I was sitting in the lunchroom, staring out the foggy window at the grey sky. The rain fell heavily, creating a mist that hung in the trees of the school ground. I should be used to Vancouver's fall weather. We tend to get more rain in the North Shore than the mainland. Unfortunately, I wasn't sure if my depressing mood had to do with what I saw outside or the trigonometry exam next block. A moment later, my musings were disrupted by a familiar voice.

"Hey, Soph."

I stopped halfway from taking a bite into my BLT and turned around, tucking an errant lock of my black hair behind my ear. "Oh, hey, Nate," I sighed. "What's up?"

Instead of answering, Nate was rather fixated towards a certain area across the lunchroom. Wondering what had him distracted, I followed his gaze and shook my head. It was always the same thing. Trista Collins, one of the popular girls in the school.

"You still like her, don't you?"

"What do you mean?" he asked, leaning in closer to me while still keeping a visual on the pretty, blue-eyed blonde.

"I saw you yesterday, sneaking looks at Trista during history instead of paying attention to Mr. Daniels."

Nate's eyes went wide. "Did anyone else see?"

"I doubt it. Everyone else was too busy trying to listen to what Mr. Daniels had to say about our upcoming exam. Like I said, you still like her, don't you?"

"I dunno. Maybe a little."

"I'm sure it's more than a little, Nate. You were staring at her like a lovesick idiot."

"Can you keep it down please, Soph? I really don't want people to know I still like Trista Collins.

"You do?" came a soft voice from beside me.

Nate groaned and buried his face in his arms. I turned around and found my other best friend, Maddie, smirking at the top of Nate's brown head.

On my first day as a freshman, I was unsure about a lot of things, but I never regretted becoming friends with Madison James and Nathan Connor. I wasn't one of those students who were lucky enough to still have old friends from elementary. I did have one close friend, my neighbour named Eric Rogers, but since he's three years older, attended a private high school, and had moved away two years ago, I was left alone. I guess I was just lucky enough that we all ended up with the same home room.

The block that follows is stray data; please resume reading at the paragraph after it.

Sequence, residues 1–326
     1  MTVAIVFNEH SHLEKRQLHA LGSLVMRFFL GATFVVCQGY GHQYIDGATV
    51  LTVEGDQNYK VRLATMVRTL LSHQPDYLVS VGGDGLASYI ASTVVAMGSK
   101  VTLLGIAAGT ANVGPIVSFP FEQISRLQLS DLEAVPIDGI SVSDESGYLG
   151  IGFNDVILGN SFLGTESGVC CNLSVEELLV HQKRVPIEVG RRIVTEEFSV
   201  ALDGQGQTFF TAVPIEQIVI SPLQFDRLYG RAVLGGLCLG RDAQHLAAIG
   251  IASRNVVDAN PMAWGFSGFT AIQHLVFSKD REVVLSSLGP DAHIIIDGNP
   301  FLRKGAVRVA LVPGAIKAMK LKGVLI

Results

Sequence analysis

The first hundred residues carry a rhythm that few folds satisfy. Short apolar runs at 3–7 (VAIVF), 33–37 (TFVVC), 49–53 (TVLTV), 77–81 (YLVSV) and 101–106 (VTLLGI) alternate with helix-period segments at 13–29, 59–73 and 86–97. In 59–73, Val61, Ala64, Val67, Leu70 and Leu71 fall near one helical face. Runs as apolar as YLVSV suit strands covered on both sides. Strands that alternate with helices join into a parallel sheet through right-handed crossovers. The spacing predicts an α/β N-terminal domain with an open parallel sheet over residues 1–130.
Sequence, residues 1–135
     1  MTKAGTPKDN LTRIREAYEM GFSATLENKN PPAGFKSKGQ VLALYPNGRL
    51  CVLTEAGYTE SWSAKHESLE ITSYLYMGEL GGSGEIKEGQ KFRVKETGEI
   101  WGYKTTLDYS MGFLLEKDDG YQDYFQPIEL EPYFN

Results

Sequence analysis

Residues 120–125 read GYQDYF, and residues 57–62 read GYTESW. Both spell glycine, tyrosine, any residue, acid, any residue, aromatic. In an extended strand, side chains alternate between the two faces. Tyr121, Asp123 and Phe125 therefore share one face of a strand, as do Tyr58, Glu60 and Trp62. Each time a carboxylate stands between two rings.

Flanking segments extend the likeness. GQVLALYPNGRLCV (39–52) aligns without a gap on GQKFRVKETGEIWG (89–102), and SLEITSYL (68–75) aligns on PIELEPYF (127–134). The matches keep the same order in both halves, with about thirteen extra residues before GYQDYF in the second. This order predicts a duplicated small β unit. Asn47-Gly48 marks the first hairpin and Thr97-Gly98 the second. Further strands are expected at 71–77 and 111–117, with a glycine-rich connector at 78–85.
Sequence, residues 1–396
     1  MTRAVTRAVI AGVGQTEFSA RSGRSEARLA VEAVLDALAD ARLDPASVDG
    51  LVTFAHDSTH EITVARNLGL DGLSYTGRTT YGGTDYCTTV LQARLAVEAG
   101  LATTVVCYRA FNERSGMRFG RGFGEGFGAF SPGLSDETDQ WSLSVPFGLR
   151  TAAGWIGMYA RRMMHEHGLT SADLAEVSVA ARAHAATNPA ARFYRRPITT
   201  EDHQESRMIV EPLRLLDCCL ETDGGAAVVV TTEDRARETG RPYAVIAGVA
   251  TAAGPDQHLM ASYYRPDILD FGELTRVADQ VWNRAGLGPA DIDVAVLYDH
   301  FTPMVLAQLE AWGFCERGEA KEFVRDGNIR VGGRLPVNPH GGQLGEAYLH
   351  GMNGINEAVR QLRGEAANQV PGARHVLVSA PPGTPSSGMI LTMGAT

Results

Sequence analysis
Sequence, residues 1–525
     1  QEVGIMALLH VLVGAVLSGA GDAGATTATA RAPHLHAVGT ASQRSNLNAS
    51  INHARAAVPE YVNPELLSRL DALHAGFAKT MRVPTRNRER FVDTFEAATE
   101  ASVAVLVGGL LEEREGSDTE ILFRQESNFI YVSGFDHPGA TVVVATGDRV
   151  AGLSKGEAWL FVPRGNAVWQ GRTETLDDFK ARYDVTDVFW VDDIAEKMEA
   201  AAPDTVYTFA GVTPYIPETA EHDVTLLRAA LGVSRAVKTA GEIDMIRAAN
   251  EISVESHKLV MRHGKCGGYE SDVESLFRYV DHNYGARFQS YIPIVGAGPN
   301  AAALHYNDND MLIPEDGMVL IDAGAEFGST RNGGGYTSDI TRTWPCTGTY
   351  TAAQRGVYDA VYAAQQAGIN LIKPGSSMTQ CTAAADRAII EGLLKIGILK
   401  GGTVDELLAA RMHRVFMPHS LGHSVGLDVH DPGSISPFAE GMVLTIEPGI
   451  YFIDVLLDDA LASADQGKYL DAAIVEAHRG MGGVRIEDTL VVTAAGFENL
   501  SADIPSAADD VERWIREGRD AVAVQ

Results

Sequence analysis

"Hey, Maddie," I grinned.

"Hey, Soph," she grinned back, swiping a French fry from my plate. "So what's this I hear about Nathan and Trista Collins? I thought after such a disastrous date, he'd have given up on having any chance with her."

"Thanks for the encouragement, Madison," grumbled Nate.

"What if you tried asking her out again?" I said, glaring at Maddie taking a seat across from us.

"You remember what happened with my date with her, right?"

"Um, of course we do," said Maddie. "You whined to me and Soph about blowing it."

"Like you should talk," retorted Nate. "I'm sure your lack of love life isn't so hot either. Unless you're still mooning over that asshole, Carter Reynolds."

"I'll have you know, my love life is none of your business. And I am not mooning over Carter Reynolds. Besides, why should you care who I like and don't like?"

"Who said I did?"

"Then why are you—?"

"Alright, enough you two!" My shout caused a few heads to turn our way. "I really don't feel like listening to another one of your guys' arguments. Drop it."

Maddie immediately clamped her mouth shut, avoided my glare, and began fiddling with her fork, pushing the filling of her chicken pie around in the shell. Nate, whose ears had gone red, had his head bent back down, staring determinedly at the table.

"Nate, you didn't blow it," I said.

"You weren't there. You didn't see how awful it was. Both of us hadn't said one word to each other during the entire dinner. And you didn't hear how loud her sigh was when I had suggested ending the date early."

"No, I didn't, but I think you might be wrong about losing your chance with her. Not when she's been staring at you during this entire conversation." I swore I heard a cricking noise coming from Nate's neck as he whipped his head towards Trista. "I don't know about you, but judging by her pretty smile and the small wave she's giving you, I think she still likes you too."